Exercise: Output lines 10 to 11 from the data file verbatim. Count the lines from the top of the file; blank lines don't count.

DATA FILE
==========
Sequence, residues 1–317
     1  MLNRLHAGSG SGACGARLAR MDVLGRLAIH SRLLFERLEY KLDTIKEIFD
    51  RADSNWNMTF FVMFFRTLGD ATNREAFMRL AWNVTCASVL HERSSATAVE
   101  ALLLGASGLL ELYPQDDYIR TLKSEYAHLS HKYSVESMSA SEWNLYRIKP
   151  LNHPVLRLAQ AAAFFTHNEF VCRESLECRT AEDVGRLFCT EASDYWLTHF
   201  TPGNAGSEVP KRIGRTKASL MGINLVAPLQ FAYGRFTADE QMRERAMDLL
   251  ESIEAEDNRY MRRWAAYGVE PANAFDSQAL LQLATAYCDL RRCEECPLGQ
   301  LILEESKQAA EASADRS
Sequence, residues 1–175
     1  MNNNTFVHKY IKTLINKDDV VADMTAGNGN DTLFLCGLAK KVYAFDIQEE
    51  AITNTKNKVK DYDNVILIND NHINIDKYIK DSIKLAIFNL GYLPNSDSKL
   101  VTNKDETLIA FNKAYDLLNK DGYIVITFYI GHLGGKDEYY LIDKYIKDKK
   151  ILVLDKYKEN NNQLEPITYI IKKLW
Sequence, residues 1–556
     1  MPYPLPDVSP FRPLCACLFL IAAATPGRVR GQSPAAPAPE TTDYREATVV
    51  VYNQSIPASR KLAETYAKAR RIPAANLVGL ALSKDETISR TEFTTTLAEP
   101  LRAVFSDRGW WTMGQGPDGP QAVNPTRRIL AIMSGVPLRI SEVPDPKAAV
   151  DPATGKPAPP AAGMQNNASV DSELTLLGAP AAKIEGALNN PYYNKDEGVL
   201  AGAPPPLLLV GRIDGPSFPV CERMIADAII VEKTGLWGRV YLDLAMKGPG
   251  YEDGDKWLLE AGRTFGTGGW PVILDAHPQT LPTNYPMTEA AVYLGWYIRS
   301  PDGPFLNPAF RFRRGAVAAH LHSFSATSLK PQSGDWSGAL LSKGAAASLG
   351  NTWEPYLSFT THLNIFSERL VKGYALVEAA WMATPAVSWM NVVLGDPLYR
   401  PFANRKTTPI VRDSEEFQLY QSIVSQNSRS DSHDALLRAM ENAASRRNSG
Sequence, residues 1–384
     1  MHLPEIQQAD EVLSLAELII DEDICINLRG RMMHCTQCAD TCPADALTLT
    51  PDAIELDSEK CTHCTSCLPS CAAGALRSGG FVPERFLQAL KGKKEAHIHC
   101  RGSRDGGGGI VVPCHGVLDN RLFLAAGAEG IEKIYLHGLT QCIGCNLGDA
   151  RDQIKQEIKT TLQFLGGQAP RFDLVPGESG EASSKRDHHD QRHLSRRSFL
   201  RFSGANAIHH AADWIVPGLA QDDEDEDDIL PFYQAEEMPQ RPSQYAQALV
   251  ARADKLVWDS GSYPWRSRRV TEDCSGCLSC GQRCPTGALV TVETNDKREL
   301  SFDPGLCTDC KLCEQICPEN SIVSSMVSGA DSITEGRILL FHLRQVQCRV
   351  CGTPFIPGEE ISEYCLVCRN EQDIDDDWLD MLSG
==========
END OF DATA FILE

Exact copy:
     1  MNNNTFVHKY IKTLINKDDV VADMTAGNGN DTLFLCGLAK KVYAFDIQEE
    51  AITNTKNKVK DYDNVILIND NHINIDKYIK DSIKLAIFNL GYLPNSDSKL